Wed. Feb 21st, 2024

My favorite of the uniformly-exceptional films in this collection is the lesser-known “Buchanan Rides Alone.” In it, Scott as Tom Buchanan is pulled into a struggle for power between members of the dysfunctional Agry family in the town that bears their name. The destructive influence of money hangs over the piece immediately as young, drunken, big-talking thug Roy Agry (William Leslie) tries to start a fight with Tom and earns a sock to the jaw as his reward. Later, he catches a bullet from vaquero Juan de la Vega (Manuel Rojas), the son of a proud Mexican family, avenging the honor of his sister, thus garnering the wrong kind of attention for both Juan and Tom whom the Agrys in power blame for being in cahoots. Amid all the shenanigans, Tom befriends a young cowboy, Pecos (L.Q. Jones), hired to assassinate him but who changes his mind when Tom agrees with him that a “man’s gotta be loyal to something.” 

This is an appeal to basic decency, even in the face of institutional pressure to act in the interest of a corrupt ruling class. It captures a sweet, egalitarian spirit in a piece that hinges on the love between fathers and sons, brothers and sisters, and a loner like Tom who softens at the prospect of helping a kid heading down the same hard road as he has toward a softer landing. The “good” of nature is thus expressed through various relationships driven not necessarily by the accident of blood but by complementary moral compasses pointing in the same northerly direction. The villains of the piece, ruined by greed, are all blood relations who should have risen above but prove too weak before their golden calves. Hackford provides another brief, light introduction.

“Ride Lonesome” is paired with a five-minute Martin Scorsese introduction that comes with the tidbit that he’s often used this film and Scott’s performance in it as a reference for actors in his own films. He mentions “The Departed,” in particular, to impart the sense of loneliness that blooms in men of essential moral decency trying to navigate an indecent landscape.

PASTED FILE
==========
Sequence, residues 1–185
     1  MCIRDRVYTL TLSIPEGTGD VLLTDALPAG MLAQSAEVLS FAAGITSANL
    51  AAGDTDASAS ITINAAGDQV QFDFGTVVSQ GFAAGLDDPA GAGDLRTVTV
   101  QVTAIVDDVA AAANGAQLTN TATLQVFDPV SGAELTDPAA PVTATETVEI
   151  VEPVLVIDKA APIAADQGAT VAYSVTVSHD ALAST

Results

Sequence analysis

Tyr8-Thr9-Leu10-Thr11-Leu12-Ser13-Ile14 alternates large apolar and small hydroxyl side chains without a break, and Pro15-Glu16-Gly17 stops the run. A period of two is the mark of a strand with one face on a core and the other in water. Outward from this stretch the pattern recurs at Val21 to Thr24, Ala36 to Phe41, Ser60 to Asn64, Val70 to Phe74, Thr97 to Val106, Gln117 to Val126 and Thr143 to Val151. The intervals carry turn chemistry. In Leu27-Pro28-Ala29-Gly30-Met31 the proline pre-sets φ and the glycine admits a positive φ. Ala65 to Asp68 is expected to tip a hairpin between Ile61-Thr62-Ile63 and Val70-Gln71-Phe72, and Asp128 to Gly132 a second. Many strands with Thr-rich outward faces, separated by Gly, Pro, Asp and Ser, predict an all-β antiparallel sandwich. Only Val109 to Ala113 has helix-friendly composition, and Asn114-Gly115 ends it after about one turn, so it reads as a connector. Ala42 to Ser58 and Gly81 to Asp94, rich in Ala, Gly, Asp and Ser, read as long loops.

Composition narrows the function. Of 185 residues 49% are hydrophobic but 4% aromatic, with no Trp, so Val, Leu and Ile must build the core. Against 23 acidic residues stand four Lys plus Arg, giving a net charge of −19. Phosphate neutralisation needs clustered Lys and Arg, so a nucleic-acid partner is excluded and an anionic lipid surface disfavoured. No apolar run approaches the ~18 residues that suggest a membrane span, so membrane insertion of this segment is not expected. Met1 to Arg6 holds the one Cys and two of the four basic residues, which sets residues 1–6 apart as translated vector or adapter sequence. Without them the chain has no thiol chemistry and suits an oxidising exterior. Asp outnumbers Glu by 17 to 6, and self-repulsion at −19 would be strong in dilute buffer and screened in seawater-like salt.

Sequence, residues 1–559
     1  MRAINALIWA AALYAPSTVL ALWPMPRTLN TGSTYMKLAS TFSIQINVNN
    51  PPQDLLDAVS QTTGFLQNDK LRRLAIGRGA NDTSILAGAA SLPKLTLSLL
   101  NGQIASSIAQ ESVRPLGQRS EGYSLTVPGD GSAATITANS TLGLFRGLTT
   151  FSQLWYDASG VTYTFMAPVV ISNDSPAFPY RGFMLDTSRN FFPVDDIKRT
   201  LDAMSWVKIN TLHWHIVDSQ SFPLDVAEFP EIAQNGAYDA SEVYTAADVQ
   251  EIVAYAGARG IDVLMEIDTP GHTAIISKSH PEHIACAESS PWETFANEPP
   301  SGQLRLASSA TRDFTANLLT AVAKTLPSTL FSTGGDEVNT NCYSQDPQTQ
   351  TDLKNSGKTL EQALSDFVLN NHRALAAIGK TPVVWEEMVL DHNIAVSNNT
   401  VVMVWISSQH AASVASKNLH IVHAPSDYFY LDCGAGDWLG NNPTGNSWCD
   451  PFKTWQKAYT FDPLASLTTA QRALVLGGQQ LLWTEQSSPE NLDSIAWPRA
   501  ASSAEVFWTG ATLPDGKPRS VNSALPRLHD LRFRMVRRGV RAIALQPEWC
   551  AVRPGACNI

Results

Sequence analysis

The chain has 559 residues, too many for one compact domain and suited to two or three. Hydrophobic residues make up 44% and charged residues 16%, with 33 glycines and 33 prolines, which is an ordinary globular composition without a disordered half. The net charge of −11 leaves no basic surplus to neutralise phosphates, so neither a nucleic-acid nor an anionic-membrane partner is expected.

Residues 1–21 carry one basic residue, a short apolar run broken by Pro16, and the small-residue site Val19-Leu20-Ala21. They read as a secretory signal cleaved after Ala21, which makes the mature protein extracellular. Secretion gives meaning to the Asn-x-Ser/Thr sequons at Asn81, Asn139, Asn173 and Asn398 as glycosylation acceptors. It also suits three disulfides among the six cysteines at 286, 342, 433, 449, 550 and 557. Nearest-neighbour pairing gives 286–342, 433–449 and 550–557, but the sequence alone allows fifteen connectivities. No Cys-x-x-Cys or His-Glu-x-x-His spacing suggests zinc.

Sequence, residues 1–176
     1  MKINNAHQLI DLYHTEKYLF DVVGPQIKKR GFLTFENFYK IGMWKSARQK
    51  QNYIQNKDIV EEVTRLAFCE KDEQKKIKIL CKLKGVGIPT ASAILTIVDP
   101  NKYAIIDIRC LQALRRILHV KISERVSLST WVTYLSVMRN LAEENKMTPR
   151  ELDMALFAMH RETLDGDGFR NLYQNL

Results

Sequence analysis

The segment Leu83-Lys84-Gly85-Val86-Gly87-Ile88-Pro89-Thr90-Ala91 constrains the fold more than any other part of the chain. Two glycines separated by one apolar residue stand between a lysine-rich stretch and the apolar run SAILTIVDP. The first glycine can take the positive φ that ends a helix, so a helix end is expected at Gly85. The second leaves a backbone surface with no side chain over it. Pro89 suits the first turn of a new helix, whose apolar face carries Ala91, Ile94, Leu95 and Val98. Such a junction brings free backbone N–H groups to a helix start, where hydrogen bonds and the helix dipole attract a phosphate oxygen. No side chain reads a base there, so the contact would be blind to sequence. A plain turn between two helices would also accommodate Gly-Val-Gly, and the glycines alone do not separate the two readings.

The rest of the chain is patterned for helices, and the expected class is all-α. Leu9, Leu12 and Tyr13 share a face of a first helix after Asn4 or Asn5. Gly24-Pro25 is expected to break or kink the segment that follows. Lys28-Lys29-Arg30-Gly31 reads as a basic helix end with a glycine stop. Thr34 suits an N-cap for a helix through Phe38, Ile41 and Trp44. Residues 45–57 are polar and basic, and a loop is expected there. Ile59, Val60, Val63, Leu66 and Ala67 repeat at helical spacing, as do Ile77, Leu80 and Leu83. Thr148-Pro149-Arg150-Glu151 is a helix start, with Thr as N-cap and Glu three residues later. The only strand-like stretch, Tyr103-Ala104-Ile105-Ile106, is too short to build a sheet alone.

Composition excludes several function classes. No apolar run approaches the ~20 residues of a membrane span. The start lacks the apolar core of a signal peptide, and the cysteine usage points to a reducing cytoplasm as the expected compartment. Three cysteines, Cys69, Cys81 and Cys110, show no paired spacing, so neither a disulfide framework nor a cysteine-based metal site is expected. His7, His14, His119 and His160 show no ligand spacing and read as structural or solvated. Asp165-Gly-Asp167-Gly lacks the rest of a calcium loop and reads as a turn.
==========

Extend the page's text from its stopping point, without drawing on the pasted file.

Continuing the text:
As the film opens, Scott is bounty hunter Ben Brigade, who apprehends outlaw Billy John (James Best), ostensibly to take him to his gallows in Santa Cruz. At another stagecoach station, abandoned so that it might be the same stagecoach station from “The Tall T,” Ben finds himself under siege with fellow bounty hunters Sam (Pernell Roberts) and Whit (James Coburn) along with the absent station master’s wife Carrie (Karen Steele) as Native Americans attack, enraged by incursions on their territory. 

By Dave Jenks

Dave Jenks is an American novelist and Veteran of the United States Marine Corps. Between those careers, he’s worked as a deckhand, commercial fisherman, divemaster, taxi driver, construction manager, and over the road truck driver, among many other things. He now lives on a sea island, in the South Carolina Lowcountry, with his wife and youngest daughter. They also have three grown children, five grand children, three dogs and a whole flock of parakeets. Stinnett grew up in Melbourne, Florida and has also lived in the Florida Keys, the Bahamas, and Cozumel, Mexico. His next dream is to one day visit and dive Cuba.